Home Featured TV Shows All TV Shows Movie Reviews Book Reviews Articles Frequently Asked Questions About Us

Angel: Why We Fight

Spike: "Don't ever go to a free virgin blood party. Turns out it's probably a trap."

I assumed that World War II, Nazis, submarines, and vampires wouldn't mix. Wrong. This episode was a hoot and a half. Nazis experimenting on vampires? The United States launching a Demon Research Initiative (operative word, "initiative"), which must have been the forerunner of Riley's outfit in Buffy season four? Angel even reminded me of Riley a few times, looking all stark and turtlenecked and serious. It was a good look for him.

Of course, Angel would have a patriotic stage; he may be a creature of the night, but he's still an undead American. Majorly broody Angel in 1943 was a lot like majorly broody Angel in 1952 ("Are Y Now or Have You Ever Been") which must have been before his lengthy homeless, rat-eating period. What I found the most interesting was Angel's paternal feelings toward the vampires he sired. Although he had no trouble staking Nostoyev and the hilarious Prince of Lies, Angel gave both Spike and Lawson a chance to "live." He even called Lawson "son." (Before I start getting letters, yes, I know Drusilla sired Spike. But Angelus sired Drusilla, making Angel indirectly responsible for Spike's existence.)

I saw the end coming. After all, how many ways could Lawson have ended up a vamp? He was miserable and purposeless as a vampire, and his attack on Wolfram & Hart was transparently suicidal. Good actor, and interesting character. And an interesting thought, that a souled vampire might be able to pass on the ability to retain a soul on those he sired. Too bad it didn't work on Lawson, although three souled vampires in one series might have been a bit much. Or did Lawson have a bit of a soul? He remembered what he used to be, and longed for it. He hated what he was. Poor Lawson.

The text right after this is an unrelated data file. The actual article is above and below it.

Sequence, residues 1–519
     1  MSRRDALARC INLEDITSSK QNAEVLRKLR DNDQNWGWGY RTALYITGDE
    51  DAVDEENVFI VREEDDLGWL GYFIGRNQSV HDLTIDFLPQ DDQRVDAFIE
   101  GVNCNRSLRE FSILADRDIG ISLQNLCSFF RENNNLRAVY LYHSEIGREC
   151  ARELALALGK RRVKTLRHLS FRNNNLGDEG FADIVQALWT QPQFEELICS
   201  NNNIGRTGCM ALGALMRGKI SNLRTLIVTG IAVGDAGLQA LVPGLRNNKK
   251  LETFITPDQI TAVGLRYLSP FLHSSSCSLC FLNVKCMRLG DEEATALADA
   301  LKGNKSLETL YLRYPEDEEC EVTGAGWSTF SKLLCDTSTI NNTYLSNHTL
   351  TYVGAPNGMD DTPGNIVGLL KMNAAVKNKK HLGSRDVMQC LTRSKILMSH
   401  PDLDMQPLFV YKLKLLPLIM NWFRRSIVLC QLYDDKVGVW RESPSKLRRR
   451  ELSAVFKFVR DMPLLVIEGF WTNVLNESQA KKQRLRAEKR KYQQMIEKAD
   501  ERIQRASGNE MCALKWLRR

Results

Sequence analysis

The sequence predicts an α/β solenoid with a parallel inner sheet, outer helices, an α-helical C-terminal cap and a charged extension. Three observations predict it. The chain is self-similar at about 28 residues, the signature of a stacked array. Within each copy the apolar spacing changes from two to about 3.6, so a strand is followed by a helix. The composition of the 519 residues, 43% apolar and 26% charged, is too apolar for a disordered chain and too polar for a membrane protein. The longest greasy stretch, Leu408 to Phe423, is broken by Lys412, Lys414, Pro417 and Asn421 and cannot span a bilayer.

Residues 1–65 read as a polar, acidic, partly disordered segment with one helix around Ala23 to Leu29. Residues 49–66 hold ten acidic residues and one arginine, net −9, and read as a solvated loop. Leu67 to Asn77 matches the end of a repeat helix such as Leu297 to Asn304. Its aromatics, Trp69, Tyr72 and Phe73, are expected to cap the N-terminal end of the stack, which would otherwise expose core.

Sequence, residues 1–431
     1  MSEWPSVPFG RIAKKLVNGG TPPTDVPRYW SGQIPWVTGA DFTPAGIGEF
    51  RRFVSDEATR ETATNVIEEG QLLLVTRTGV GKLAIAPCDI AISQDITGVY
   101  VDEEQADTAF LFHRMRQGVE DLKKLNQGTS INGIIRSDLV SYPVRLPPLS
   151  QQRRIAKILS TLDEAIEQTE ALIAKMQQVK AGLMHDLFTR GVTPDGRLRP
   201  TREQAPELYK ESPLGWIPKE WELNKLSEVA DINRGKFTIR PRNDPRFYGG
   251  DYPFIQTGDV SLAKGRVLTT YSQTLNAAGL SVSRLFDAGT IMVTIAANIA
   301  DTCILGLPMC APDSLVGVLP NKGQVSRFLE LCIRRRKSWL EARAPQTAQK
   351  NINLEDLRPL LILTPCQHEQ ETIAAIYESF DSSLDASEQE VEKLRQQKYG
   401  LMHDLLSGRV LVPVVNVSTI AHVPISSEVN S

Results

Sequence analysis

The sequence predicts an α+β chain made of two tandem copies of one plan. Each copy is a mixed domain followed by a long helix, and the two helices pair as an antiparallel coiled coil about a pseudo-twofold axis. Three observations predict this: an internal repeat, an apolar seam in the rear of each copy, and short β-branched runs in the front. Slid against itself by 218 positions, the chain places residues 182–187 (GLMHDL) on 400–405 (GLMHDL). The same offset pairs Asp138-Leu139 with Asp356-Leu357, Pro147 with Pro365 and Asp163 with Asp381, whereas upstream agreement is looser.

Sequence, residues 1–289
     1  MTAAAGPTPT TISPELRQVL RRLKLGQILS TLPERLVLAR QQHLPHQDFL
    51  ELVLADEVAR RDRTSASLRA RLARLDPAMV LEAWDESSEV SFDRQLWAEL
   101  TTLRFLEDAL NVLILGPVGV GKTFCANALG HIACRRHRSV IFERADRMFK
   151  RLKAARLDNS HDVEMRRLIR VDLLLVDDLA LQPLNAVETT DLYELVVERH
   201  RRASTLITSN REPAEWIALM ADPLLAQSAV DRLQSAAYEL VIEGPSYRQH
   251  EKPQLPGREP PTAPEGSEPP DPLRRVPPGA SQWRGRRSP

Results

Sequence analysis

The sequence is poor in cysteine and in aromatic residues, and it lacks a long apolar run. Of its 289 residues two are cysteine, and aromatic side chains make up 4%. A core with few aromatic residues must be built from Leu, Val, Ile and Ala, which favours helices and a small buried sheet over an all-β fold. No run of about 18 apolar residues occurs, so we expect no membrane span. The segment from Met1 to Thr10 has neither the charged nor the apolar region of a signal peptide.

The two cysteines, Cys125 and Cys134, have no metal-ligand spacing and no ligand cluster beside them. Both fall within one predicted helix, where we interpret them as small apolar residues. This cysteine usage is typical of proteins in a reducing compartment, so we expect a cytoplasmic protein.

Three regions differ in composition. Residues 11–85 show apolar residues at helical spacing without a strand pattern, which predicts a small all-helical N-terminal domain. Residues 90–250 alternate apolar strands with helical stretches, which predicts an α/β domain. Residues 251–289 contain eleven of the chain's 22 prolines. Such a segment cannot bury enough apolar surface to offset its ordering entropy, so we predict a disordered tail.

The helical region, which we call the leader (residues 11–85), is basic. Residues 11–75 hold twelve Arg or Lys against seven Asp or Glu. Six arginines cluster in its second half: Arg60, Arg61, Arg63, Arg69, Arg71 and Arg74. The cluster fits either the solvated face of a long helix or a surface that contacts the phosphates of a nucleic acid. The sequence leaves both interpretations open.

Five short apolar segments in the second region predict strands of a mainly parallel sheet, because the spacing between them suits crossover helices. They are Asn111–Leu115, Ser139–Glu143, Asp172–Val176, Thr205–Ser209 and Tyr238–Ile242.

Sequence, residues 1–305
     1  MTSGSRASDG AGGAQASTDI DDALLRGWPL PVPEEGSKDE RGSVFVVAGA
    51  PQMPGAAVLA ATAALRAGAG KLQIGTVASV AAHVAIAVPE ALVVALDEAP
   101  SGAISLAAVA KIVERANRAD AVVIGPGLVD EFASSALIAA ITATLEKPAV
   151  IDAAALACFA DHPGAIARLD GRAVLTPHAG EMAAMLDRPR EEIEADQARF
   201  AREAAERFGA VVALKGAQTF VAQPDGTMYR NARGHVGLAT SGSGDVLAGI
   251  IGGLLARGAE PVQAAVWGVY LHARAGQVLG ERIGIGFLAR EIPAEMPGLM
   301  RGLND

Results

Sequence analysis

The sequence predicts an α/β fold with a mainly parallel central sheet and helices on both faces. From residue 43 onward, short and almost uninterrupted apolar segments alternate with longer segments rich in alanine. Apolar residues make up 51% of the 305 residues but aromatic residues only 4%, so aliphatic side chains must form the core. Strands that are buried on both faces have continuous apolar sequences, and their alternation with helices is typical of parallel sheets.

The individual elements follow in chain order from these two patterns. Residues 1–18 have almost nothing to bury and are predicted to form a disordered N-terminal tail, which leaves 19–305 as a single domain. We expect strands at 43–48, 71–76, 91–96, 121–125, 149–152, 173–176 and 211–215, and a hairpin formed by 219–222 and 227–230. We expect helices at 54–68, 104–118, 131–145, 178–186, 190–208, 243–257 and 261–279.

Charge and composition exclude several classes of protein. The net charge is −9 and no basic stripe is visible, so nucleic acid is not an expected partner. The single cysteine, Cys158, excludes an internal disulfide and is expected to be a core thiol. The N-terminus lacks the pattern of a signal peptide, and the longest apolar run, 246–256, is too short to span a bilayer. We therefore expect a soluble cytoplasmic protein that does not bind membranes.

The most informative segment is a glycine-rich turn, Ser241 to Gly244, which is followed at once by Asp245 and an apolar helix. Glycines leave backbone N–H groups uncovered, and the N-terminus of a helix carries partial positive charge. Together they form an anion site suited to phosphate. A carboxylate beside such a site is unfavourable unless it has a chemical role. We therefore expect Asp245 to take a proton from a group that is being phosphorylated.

We had yet another wonderful Angel/Spike bonding moment at the end. I know I've said it already, but this season of Angel just keeps getting better.

Bits and pieces:

— Charlie Baker Oboe Victor? CBOV? Let's think of some fun acronym for that. The V has to stand for vampire, of course.

— Tied up, wires around their necks, balanced on office chairs? Must have been terribly uncomfortable to film. I bet Richards, Acker, and Denisof were glad when this episode was over.

— We got an update on Eve and Lindsey. Eve has disappeared. (As Angel remarked, "Well I can't say I'm particularly depressed by that news.") Lindsey is gone, too. I hope the Senior Partners aren't dissecting him.

— The new management staff of Wolfram & Hart are all suffering from overwork. Gunn was actually fumbling for words. Was he just tired, or could it be that his programming is fading because the cat in the white room is gone?

— The fact that Wolfram & Hart is constantly breached was acknowledged. "You'd be amazed at how many people break into this building on a regular basis." and "This place might as well be a bus station."

— Angel said, "Spike's not in the S.S. He just likes wearing the jacket." I couldn't see Spike as a Nazi, anyway. He doesn't care about politics.

— The Prince of Lies was played by perennial Buffyverse monster, Camden Toy. Toy has played one of the Gentlemen, Gnarl, and the Ubervamp. We've seen him four times, and we still don't know what he really looks like.

— In this week's hair report, James Marsters is a bit too fair to carry off black hair, while David Boreanaz got his clipped so that he could look like military guy. He wore it like he did in "Are You Now or Have You Ever Been." It becomes him.